I was fascinated by a short report in the Australian (Paul Cleary, 16 December 2011) on Clive Palmer's China First coal development in Queensland's Galilee Basin. You will find another story by David Wroe (SMH, 19 December) here.
Before going on, this map shows the distribution of the Queensland coal fields. The Galilee Basin is marked by the light brown on the left. The China First Coal project itself is about 400 k inland from Gladstone.
The scale of these developments is enormous. In this case, the project will apparently:
- cost $A7.5 - 8.8 billion (estimates vary)
- generate 6,000 jobs during the construction phase, 1,500 during operation
- boost coal exports by 40 million tonnes per annum worth approximately $A4.6 billion dollars
- occupy some 55,000 hectares.
Unusually, the First China impact statement includes modelling suggesting that will cause a "considerable decline" in manufacturing because the extra coal exports from July 2013 will put upward pressure on the exchange rate.
Modelling produced by the consultancy AEC group says the project will cause the loss of 2215 manufacturing jobs in Queensland alone between 2013 and June 2018, and a further 1666 jobs over the next 18 years, with some job losses elsewhere in Australia as well. Agriculture will also lose about 450 jobs.
At the same time, and this is not referred to in the newspaper reports that I have seen, the project will create its own jobs beyond the direct employment numbers.
This is actually about what you would expect during a process of fundamental structural change since this means basic shifts in economic activities. The recent Australian Bureau of Statistics National accounts figures contained some remarkable statistics showing the scale of the changes now underway. The following table shows the increase in state final demand seasonally adjusted over the last twelve months ranked by the percentage size of the increase.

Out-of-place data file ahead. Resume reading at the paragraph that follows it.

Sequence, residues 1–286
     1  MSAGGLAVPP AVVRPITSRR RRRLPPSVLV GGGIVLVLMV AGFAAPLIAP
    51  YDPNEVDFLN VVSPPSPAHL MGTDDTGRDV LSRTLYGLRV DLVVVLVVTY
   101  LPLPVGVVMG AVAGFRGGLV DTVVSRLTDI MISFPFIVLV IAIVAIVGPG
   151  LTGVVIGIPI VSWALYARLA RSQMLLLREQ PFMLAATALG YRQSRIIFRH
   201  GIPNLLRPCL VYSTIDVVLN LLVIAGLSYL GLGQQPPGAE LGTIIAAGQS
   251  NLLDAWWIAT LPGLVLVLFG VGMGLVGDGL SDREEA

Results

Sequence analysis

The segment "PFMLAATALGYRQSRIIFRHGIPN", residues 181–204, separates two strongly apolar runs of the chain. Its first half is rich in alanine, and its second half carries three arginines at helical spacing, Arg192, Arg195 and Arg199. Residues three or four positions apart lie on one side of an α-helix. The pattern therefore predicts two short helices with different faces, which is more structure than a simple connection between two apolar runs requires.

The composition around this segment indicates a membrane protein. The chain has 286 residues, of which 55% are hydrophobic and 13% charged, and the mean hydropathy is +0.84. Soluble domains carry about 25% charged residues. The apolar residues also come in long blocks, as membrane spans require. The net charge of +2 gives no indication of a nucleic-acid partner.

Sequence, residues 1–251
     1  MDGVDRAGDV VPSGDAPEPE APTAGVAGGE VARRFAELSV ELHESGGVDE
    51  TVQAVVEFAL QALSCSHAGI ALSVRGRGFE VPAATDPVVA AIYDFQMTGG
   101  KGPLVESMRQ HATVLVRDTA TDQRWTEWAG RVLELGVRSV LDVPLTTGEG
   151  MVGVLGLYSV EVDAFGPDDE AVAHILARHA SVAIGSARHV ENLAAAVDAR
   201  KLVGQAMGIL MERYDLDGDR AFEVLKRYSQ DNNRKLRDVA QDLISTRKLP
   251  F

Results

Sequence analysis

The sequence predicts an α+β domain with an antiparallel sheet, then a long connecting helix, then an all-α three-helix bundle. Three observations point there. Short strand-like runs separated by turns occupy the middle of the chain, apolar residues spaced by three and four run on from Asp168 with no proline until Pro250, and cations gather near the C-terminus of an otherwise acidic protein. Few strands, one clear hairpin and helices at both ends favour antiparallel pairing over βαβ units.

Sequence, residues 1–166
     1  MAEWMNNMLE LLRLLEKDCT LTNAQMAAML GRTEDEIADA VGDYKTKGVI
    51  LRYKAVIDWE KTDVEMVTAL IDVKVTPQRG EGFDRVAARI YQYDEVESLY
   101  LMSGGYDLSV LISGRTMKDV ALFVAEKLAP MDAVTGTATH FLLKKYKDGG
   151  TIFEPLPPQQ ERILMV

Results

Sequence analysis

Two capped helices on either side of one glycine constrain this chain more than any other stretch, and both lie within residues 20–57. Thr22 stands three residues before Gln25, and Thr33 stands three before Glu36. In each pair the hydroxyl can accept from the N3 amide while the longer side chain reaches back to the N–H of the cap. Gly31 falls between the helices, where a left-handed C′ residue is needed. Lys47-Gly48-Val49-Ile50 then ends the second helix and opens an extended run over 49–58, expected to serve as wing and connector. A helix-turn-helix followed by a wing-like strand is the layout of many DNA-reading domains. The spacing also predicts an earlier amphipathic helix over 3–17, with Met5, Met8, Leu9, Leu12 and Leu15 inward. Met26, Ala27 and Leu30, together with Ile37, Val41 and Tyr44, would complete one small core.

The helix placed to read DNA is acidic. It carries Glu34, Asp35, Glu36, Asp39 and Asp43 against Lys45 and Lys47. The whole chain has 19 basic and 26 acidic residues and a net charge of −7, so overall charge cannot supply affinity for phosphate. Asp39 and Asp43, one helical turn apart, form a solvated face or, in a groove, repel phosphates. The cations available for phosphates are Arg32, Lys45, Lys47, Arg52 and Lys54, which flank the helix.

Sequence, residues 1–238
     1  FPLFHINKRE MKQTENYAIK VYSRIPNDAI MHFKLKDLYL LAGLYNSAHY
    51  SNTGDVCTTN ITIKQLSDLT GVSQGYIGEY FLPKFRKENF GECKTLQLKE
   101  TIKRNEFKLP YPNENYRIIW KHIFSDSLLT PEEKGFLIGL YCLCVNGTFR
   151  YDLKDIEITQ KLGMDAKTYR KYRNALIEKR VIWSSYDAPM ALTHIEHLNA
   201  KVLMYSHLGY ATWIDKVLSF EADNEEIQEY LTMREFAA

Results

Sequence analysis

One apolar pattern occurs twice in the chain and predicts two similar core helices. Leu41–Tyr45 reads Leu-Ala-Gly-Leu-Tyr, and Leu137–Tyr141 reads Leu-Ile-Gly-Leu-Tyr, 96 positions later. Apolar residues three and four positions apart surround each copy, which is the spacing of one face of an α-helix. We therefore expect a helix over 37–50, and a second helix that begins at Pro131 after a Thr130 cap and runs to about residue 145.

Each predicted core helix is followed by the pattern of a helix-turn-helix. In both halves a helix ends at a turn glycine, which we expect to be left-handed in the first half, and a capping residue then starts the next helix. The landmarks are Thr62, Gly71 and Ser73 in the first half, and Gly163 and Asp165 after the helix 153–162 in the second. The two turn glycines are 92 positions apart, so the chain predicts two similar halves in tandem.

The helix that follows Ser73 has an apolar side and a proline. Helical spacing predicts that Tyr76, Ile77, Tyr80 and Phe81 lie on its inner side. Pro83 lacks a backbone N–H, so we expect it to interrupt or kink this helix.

|State, Territory||% increase final demand year ending Sep 11|
The numbers bounce around, with part of the Queensland increase due to recovery from the floods. Even so, you can see what I mean. That WA number must be one of the highest growth rates in the world.
Meantime, Greenpeace is worried that the development of mega coal mines in Central Queensland will destroy the world's chances of keeping global warming to 2 degrees. According to newspaper reports, calculations made by the Institute for Sustainable Futures at the University of Technology, Sydney, on behalf of Greenpeace conclude if the proposed mega-mines in the Galilee Basin run at full pace, by 2035 they would be eating up 4 per cent of the world's carbon budget and 9 per cent of the emissions set aside for coal.
The weakness in the Greenpeace analysis lies simply in the assumption that if the Galilee mines do not proceed, things will be different. If the demand for coal is there, production will expand. Remove Central Queensland, and other mines will expand in their place.